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NVIDIA's latest graphics driver offers an even more flexible framerate limiter

By Koh Wanzi - on 4 Feb 2020, 4:14pm

NVIDIA's latest graphics driver offers an even more flexible framerate limiter

NVIDIA has begun rolling out a new GeForce Game Ready Driver, version 442.19 WHQL, for its graphics cards. The biggest change is the more flexible framerate limiter, which it first introduced in the previous driver version. 

"With the latest Game Ready driver, we've incorporated community feedback asking for the limits to be extended. As a result, framerate limits can be as low as 20fps and can be raised as high as 1000fps," says NVIDIA.

While some games do have a built-in framerate limiter at the level of the game engine, it's not a feature that is present on every game today. In the latter case, some folks have had to rely on the Rivatuner Statistics Server, more popularly known as RTSS. It's a CPU-level external framerate limiter, and it used to be the closest you could get to an engine-level framerate limiter while still keeping input lag to a minimum.

NVIDIA's introduction of a framerate limiter in the NVIDIA Control Panel is potentially a replacement for RTSS, so you don't have to download any additional software. Testing by reviewers like Battle(non)sense, who runs a YouTube channel with extensive videos dedicated to things like input lag and netcode, has shown that it works just as well as RTSS, although an in-game framerate limiter is still the preferred option if one is available.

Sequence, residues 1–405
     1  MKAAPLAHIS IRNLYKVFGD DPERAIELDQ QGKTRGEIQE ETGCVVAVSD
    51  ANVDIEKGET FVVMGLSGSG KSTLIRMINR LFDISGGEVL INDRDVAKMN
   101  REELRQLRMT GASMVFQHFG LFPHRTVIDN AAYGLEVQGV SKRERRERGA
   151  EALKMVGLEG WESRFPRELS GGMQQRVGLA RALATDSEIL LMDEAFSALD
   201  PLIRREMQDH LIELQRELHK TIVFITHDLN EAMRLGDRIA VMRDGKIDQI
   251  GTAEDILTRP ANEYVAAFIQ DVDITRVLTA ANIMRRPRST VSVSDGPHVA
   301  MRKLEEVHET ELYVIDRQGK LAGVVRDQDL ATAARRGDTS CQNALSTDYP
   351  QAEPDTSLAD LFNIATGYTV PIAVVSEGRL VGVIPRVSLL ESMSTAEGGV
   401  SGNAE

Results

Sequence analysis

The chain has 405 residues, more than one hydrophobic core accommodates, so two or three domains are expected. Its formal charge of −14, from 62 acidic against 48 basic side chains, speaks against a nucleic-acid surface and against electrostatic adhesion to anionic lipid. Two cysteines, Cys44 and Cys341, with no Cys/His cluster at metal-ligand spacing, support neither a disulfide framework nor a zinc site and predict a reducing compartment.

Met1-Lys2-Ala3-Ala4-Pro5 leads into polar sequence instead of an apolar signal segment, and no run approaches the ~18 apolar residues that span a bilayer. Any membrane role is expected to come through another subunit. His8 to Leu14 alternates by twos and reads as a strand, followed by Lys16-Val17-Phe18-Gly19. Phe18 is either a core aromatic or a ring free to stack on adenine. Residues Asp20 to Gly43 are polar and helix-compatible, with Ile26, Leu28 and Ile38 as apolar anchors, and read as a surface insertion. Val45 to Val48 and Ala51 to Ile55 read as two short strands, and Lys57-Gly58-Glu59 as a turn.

Image Source: NVIDIA

You're probably wondering why someone would want to limit their framerate in the first place. One obvious reason is to reduce power consumption and noise, especially if you're running a gaming laptop. However, if you've got a G-Sync display, a framerate limiter could come in really handy for ensuring a smooth and tear-free experience throughout and also more consistent input lag times.

While some people are after the lowest possible input lag, they often neglect how consistent their frame times are. Using V-Sync in conjunction with G-Sync helps with this, but if you've got a powerful graphics card that is sometimes capable of exceeding the maximum refresh rate of your display, G-Sync begins to mimic V-Sync behaviour and introduces additional frames of delay. To avoid the extra input lag, you need a framerate limiter to stop your card from hitting the G-Sync ceiling and triggering V-Sync behaviour. The end result is consistent frame times, no tearing, and low input lag, which should give you a pretty smooth and responsive experience.

Here's what NVIDIA itself has to say about this:

Enable Max Frame Rate and set your power management mode to 'Prefer maximum performance' to reduce latency. While in this mode, the GPU is kept at higher frequencies to process frames as quickly as possible. To maximise latency reduction in GPU bound scenarios where FPS is consistent, set Max Frame Rate to a framerate slightly below the average FPS and turn Low Latency Mode to Ultra.

I recommend reading this Blur Busters article to find out more about the topic, and you'll also find the recommended G-Sync settings at the end.

Other than that, the new driver also adds a few more G-Sync Compatible displays to the growing list, including the ASUS VG259QM, Dell AW2521HF, and LG 34GN850. Some bugs are being squashed too, such as an issue with Call of Duty: Modern Warfare where streaming of gameplay using OBS would randomly stop.